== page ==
Unlike the framers of the Bahamas Independence Order of 1973, the framers of the New Providence Local Government Act (or whatever it is called) should be more involved in the process to ensure that property rights and personal freedom are protected and as little bureaucracy as possible is incorporated into the system.
We maintain the principle of subsidiarity must be adhered to in this regard.
As noted by David A. Bosnich in the Acton Institutes Religion and Liberty magazine on Acton’s web site…the principle of subsidiarity. This tenet holds that nothing should be done by a larger more complex organization which can be done as well by a smaller and simpler organization. In other words, any activity which can be performed by a more decentralized entity should be. This principle is a bulwark of limited government and personal freedom. It conflicts with the passion for centralization and bureaucracy characteristic of the Welfare State.
Also, each municipality, borough or constituency, (however the various councils will be named) must take responsibility for themselves and must not be dependent on the central government as the Family Island Councils presently are.
1. They must have real authority.
2. They must not be circumvented for various approvals because someone knows someone.
3. They must not have to use personal funds to carry out the function of the office.
4. They must have the authority to tax or retain revenue collected on behalf of the Central government.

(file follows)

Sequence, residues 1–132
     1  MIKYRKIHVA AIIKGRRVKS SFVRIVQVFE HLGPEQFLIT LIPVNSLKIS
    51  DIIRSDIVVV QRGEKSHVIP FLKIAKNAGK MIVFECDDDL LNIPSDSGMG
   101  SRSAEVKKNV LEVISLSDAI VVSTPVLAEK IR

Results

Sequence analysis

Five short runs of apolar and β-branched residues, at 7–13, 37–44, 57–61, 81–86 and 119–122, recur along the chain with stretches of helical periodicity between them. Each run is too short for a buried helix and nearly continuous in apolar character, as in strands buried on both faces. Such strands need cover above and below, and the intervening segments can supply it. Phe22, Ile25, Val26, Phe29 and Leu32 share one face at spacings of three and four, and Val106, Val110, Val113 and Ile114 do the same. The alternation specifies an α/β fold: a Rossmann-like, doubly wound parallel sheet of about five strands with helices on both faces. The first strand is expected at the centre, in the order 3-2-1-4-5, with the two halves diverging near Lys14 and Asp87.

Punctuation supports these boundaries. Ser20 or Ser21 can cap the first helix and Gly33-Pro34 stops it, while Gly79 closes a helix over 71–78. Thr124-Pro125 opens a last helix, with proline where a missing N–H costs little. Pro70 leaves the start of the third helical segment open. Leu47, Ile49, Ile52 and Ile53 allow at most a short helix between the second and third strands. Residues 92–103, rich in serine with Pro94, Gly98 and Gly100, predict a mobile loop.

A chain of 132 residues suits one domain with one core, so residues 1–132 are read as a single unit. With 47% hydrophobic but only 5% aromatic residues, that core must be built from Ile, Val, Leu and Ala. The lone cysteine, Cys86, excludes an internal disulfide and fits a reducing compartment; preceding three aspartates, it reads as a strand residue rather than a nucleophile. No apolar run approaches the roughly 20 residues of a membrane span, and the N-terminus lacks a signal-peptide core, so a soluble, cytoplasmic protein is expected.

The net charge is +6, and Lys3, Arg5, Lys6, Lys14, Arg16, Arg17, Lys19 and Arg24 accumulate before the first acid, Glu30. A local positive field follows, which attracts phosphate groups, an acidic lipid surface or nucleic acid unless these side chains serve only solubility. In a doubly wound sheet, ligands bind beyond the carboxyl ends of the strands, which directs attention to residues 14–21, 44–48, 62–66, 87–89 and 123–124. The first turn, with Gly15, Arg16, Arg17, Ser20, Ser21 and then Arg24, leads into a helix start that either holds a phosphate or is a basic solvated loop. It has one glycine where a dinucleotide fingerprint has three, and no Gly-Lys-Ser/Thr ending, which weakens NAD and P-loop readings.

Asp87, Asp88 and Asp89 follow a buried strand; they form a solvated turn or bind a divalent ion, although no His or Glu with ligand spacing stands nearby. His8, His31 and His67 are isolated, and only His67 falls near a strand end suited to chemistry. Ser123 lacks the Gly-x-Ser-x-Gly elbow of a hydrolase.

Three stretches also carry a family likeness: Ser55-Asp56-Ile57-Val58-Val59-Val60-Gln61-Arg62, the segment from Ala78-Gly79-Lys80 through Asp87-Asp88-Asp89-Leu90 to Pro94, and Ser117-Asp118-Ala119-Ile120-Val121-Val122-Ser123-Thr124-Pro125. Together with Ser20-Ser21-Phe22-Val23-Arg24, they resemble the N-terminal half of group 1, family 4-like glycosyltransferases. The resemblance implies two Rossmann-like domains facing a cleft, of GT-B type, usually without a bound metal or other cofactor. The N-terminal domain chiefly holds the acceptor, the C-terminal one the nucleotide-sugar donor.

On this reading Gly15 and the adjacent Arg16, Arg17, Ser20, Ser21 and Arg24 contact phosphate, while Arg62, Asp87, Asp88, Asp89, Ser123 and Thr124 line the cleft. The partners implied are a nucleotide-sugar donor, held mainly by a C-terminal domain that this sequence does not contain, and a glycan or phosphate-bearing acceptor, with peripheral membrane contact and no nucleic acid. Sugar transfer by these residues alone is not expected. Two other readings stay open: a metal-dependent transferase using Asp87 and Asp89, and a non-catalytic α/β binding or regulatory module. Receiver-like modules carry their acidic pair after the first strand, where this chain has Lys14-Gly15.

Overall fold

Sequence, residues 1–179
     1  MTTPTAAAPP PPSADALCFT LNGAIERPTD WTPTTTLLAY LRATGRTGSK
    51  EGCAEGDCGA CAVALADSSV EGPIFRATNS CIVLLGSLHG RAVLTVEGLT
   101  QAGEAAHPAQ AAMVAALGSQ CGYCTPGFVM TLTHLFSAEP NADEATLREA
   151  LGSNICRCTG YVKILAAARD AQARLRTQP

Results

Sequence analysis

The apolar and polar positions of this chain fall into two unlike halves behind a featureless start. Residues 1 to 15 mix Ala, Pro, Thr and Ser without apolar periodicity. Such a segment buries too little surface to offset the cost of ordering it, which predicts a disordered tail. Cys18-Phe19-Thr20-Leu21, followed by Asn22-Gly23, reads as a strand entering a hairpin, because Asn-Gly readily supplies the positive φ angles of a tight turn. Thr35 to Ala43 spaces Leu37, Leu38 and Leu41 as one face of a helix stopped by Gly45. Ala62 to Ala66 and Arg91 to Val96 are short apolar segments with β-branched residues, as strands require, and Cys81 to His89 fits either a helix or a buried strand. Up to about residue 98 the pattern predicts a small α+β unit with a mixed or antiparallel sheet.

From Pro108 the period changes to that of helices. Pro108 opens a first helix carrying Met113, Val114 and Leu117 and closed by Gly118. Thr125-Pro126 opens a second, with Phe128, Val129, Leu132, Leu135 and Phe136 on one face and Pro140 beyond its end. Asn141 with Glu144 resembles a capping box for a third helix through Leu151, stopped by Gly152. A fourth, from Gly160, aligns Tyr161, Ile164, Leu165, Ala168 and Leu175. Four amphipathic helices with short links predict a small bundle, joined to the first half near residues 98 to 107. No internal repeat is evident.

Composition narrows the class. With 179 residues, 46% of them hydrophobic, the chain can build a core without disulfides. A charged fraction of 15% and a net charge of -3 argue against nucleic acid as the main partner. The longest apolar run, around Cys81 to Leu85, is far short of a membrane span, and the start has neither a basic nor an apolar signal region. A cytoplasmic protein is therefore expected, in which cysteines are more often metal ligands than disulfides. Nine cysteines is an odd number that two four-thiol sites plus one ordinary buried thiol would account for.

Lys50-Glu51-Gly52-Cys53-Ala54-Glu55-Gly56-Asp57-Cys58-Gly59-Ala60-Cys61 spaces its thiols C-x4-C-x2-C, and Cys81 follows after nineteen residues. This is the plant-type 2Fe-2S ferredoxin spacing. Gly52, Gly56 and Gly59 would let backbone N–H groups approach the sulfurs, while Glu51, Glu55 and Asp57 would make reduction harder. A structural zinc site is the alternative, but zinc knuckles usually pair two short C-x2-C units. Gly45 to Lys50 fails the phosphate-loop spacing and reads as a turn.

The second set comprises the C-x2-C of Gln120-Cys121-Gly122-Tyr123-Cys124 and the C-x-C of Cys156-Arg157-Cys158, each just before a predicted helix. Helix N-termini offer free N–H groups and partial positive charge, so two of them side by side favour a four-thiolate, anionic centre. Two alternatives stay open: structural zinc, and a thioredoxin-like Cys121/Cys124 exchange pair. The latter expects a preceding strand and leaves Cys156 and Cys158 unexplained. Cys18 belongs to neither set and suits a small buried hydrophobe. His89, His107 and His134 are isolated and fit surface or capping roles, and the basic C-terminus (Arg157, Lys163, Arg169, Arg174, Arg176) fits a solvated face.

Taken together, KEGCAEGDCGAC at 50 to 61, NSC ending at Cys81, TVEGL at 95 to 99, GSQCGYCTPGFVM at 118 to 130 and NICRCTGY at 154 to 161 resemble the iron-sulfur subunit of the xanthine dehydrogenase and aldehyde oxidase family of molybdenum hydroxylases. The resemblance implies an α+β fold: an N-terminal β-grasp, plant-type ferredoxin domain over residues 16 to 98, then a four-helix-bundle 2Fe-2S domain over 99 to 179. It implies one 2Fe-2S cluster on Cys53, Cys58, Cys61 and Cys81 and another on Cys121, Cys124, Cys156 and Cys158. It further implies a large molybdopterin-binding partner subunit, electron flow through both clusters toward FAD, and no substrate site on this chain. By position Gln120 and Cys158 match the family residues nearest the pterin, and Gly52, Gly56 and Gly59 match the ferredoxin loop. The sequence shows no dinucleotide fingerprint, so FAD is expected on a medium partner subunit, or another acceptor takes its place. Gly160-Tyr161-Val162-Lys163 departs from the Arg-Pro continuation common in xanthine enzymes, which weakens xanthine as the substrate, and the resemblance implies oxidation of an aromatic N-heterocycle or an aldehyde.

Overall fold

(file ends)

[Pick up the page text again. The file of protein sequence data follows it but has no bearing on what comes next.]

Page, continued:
5. They must have control over the Ministry of Works departments so infrastructure repairs and development can be handled in a timely manner. Or better still contract the services out to private industry.
6. They must incorporate clear guidelines for the protection of private property and personal freedom. A review of Constitutional scholar Bernard H. Siegan’s book, Drafting A Constitution For A Nation Republic Emerging Into Freedom would be useful here.
The Virtues of Decentralized Local Government
Sam Staley wrote a Policy Analysis for the Cato Institute in January 1992 titled The Virtues of Decentralized Local Government where he noted:
The solution is more likely to be found in a competitive, decentralized governmental system. Instead of undermining the diverse interests that make up metropolitan America, urban policy should free political markets to ensure that the desires of local residents are fully expressed in the policymaking process and the private sector is given the fullest possible latitude to provide needed goods and services. Public services are often provided more effectively and efficiently through privatization, which allows private markets to develop innovative new services and products that reflect the changing needs and wants of local consumers. That goal can be reached only by avoiding a consolidated, monopoly regional government system that depends on one organization to provide all public goods. A decentralized, fragmented political system that is competitive and responsive can achieve that goal.
In this process we must not forget that private property is fundamental to all other endeavours. Neither subsidiarity or local government will meet the demands of a globalizing world – unless property rights are secure – and perceived to be secure not only by Bahamians but also by the rest of the world.
In closing his book, The Parliament of Whores, P.J. O’Rourke rightfully stated "The trouble is, in a democracy the whores are us". But, we hasten to add that we can do it right with the effort and true government transparency.
At the Nassau Institute our Vision is to see The Bahamas become the first small, developed, sovereign country in the region, recognized as a model for the world.
We hope we can prove Mr. O’Rourke wrong.
It is not often we agree with government, but we believe that independent local government as we have described in this very brief paper, is the way to go.
How about you?
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The Nassau Institute